Legal report shows how to increase transparency about human rights policy

Over the course of 2017, the parties and adhering banks to the Dutch Banking Sector Agreement (the “DBA”) explored options for banks to display greater transparency about their human rights policies and practices. In accordance with section 6.10.c of the DBA, the parties and adhering banks discussed how client confidentiality relates to the increased expectations of parties and society that enterprises show how they put their responsibility to respect human rights into practice.

Bank entrance. Illustration for the Dutch Banking Sector IRBC Agreement. © Shutterstock

Research by law firm Nauta Dutilh

To facilitate this discussion, the law firm Nauta Dutilh was instructed to analyse how Dutch financial regulatory law, civil law and contract law may enable or impede adhering banks from providing greater transparency. The main question of the analysis was “To what extent are adhering banks legally able to provide (i) the civil society organisations (that are a party to the DBA) or (ii) the public with individual client information regarding the outcome of a human rights due diligence investigation and any measures taken pursuant thereto within the framework of the DBA?”.

Transparency versus client confidentiality

The legal report provided the following general insight into the constraints on and the opportunities to increase transparency about human rights policy and practices in the Dutch context:

  • individual client information can be made public or shared with the client’s consent or pursuant to a statutory obligation (unless the Market Abuse Regulation or the Dutch Act on the Prevention of Money-Laundering and the Financing of Terrorism applies);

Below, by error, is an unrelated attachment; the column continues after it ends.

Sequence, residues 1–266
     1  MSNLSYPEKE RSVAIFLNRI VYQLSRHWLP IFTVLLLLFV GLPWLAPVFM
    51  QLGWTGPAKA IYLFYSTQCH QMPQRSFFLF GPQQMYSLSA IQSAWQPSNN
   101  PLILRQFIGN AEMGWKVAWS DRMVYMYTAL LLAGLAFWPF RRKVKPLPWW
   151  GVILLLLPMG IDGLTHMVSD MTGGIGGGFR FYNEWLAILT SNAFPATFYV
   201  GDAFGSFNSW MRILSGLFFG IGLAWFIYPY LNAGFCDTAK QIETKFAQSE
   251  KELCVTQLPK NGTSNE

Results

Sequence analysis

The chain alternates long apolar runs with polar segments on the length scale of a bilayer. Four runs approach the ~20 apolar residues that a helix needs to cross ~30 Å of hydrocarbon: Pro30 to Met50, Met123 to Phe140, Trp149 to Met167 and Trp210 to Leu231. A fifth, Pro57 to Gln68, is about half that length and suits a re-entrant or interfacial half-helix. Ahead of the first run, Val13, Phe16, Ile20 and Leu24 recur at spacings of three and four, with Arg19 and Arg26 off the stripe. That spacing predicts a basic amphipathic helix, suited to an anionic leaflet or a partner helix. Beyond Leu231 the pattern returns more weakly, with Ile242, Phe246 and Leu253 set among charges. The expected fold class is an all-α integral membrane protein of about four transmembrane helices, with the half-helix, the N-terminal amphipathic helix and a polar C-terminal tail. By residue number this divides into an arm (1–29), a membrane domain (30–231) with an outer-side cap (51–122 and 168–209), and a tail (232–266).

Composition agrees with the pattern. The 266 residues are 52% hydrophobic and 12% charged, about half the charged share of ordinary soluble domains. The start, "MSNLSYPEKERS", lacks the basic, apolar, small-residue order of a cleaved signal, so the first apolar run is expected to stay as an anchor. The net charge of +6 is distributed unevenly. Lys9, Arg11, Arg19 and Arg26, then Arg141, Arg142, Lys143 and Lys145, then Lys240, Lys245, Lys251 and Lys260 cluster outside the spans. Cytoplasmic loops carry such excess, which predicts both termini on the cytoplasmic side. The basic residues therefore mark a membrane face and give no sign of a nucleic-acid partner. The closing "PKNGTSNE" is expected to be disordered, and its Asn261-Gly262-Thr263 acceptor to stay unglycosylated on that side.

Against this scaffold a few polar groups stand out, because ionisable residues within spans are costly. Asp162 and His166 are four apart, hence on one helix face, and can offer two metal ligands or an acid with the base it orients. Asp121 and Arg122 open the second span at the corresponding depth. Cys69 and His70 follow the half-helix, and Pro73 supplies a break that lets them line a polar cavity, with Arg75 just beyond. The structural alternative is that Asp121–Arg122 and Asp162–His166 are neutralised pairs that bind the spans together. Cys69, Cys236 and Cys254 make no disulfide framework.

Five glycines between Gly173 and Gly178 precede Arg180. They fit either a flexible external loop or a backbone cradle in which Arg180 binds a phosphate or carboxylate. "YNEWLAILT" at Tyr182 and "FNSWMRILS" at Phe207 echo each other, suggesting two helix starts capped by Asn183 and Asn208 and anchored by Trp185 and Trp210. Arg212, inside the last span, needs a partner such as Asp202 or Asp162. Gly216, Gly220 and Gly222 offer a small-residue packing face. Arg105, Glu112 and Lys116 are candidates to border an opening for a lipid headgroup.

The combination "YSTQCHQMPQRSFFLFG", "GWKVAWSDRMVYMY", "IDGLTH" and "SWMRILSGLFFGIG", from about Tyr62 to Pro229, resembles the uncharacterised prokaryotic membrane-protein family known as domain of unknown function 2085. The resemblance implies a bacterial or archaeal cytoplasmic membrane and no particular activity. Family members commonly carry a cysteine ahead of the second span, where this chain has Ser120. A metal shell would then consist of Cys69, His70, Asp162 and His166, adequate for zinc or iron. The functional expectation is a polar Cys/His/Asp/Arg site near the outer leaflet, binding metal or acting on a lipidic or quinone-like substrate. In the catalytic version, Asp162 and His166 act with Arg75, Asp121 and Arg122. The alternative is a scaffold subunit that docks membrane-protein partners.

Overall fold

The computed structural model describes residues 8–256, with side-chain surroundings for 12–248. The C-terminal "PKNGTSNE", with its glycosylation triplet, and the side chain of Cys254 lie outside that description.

• individual client information cannot be made public or shared with civil society organisations (that are a party to the DBA) without the client’s consent;
  • individual client information in anonymous form can be shared or made public;
  • aggregated anonymous client information can be made available.

In follow-up discussions based on the report, the parties and adhering banks agreed that the gist of the conclusions is expected to apply to financial relationships within the scope of foreign law. Parties acknowledge that other limitations could apply in jurisdictions outside the Netherlands. In the spirit of the DBA, if an adhering bank claims that another limitation is applicable, it will briefly substantiate why this is the case.

In addition to legal considerations, the adhering banks also indicated that there may be strategic considerations for (not) sharing information about clients or transactions. During the course of the DBA options to increase transparency about banks’ human rights policies and practices will be further explored.